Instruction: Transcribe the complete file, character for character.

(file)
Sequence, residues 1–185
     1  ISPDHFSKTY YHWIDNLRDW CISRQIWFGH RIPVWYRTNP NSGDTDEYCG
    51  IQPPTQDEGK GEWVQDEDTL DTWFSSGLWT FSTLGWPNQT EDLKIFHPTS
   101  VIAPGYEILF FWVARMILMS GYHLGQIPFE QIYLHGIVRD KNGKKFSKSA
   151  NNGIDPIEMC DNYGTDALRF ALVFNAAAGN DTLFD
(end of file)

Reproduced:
Sequence, residues 1–185
     1  ISPDHFSKTY YHWIDNLRDW CISRQIWFGH RIPVWYRTNP NSGDTDEYCG
    51  IQPPTQDEGK GEWVQDEDTL DTWFSSGLWT FSTLGWPNQT EDLKIFHPTS
   101  VIAPGYEILF FWVARMILMS GYHLGQIPFE QIYLHGIVRD KNGKKFSKSA
   151  NNGIDPIEMC DNYGTDALRF ALVFNAAAGN DTLFD